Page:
The taxpayer can use the contract price for repairs specified in a contract prepared by an independent contractor, licensed or registered, as the decrease in the fair market value. The costs of any improvements or additions that increase the value of the residential real property above its pre-casualty value must be excluded from the contract price.
- Disaster Loan Appraisal Safe Harbor Method
The taxpayer can use the appraisal prepared for obtaining a loan of Federal funds or a loan guarantee from the Federal Government which sets forth the estimated loss.
Two Safe Harbor Methods for Personal Belongings
The taxpayer can also use one of the two safe harbor methods to help determine the casualty loss for the taxpayer’s personal use items.
- De Minimis Safe Harbor Method
The taxpayer can use their own personal estimate to determine the decrease in the fair market value of their personal belongings. The total estimated decrease in fair market value must be $5,000 or less. Further, the taxpayer must maintain records describing the personal belongings affected and detailing the methodology used for estimating the loss.
- Replacement Cost Safe Harbor Method
The taxpayer can use this method to determine the decrease in the fair market value of their personal belongings. First, the taxpayer determines their basis in the item based on the original cost. Then, the current cost to replace the property is decreased based on the number of years the taxpayer owned the property. Finally, the replacement cost is reduced by the value of the property after damage.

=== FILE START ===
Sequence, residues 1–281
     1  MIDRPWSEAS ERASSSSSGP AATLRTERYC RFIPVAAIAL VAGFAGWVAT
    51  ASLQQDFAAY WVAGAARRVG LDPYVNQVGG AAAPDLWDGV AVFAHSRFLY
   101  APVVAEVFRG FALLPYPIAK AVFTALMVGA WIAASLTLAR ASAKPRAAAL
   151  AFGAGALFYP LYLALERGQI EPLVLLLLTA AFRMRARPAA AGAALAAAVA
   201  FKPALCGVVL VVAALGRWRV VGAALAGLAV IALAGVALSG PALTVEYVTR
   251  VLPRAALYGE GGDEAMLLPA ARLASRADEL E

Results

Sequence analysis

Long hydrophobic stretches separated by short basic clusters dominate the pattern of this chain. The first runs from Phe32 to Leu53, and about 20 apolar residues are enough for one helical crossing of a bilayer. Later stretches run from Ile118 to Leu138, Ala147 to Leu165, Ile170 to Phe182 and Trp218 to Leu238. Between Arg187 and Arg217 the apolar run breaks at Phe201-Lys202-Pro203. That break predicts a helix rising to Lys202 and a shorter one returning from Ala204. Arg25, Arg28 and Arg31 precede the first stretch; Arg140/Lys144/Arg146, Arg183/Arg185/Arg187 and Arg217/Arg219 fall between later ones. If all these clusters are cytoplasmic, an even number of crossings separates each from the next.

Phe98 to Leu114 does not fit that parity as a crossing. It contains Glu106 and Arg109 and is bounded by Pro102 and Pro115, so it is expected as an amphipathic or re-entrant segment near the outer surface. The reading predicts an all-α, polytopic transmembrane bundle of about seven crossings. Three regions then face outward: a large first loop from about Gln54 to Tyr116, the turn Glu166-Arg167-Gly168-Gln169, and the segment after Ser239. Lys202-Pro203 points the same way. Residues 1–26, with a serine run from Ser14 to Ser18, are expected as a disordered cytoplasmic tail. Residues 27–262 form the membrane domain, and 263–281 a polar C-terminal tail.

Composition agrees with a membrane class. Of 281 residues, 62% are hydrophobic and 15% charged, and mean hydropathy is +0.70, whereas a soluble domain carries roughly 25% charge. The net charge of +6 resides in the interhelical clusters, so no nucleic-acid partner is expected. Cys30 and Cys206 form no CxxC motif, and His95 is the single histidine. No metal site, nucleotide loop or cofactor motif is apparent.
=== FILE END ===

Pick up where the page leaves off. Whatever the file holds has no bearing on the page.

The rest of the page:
|Percentage of Replacement Cost to Use|
Example – Albert owns a couch that was damaged in a federally declared disaster area. Albert originally purchased the couch for $850. Albert looks up the price of a new version of the couch, which costs $800. Albert has owned the couch for two years. Thus, Albert multiplies $800 by 80% to give the fair market value of the property before the damage of $640.
After the disaster, the couch was so damaged that the couch was worthless. Thus, the decrease in fair market value is $640 ($640 was the fair market value of the property before the hurricane minus $0 which was the fair market value of the property after the hurricane). Albert has a deductible casualty loss of $640 as it is smaller than Albert’s basis of $850.
In a perfect world, disasters wouldn’t strike and damage people’s belongings. But in our imperfect world, taxpayers can ease the burden of calculating casualty losses in federally declared disaster areas by keeping diligent records of their damage and visiting a tax professional who is well-versed in the new casualty loss deduction safe harbors.